French Equatorial Africa (French: Afrique Équatoriale Française, or AEF) is a colonial federation reuniting four French colonies in Central Africa. It was estabilished in 1910 and reformed after the creation of the Third French Empire, to streamline and centralize its administration, and granted a limited degree of representation for natives into French politics. The AEF borders with the Arab Federation to its east, Italy to its north, French West Africa and the British colony of Nigeria to its west, the German colony of Cameroon to its southwest, the Spanish colony of Equatorial Guinea and the Atlantic Ocean to its south, and the Portuguese colony of Angola and German East Africa to its south.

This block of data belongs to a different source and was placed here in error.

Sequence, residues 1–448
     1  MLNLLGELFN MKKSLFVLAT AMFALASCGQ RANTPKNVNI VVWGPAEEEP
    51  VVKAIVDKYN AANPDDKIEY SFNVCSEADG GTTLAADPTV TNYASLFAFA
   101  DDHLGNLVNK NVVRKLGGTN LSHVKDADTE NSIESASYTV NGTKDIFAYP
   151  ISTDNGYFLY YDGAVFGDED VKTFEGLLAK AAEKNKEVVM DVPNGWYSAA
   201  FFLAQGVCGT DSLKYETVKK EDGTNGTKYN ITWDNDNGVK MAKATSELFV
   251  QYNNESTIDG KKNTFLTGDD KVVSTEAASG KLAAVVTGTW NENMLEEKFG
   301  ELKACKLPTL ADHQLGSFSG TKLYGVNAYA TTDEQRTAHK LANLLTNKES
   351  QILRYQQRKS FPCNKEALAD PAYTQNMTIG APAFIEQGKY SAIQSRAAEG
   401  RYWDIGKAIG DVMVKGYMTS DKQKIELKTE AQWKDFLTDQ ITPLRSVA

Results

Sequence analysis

A vast territory, French Equatorial Africa ranges from the deserts of northern Chad to the thick forests of Congo to the south. It is inhabited by several different ethnicities and tribes: to the north, they are mainly Muslim, but to the south Catholicism is prominent because of the work of European missionaries. Its economy is as varied as its territory: some areas are predominantly industrial, while there are large areas that are not industrialized at all.
French colonial ventures in the region started in the early 18th years, and the federation reached its current borders during the Scramble for Africa, during which France immensely enlarged the borders of its colonial empire. Today, four colonies make up the federation: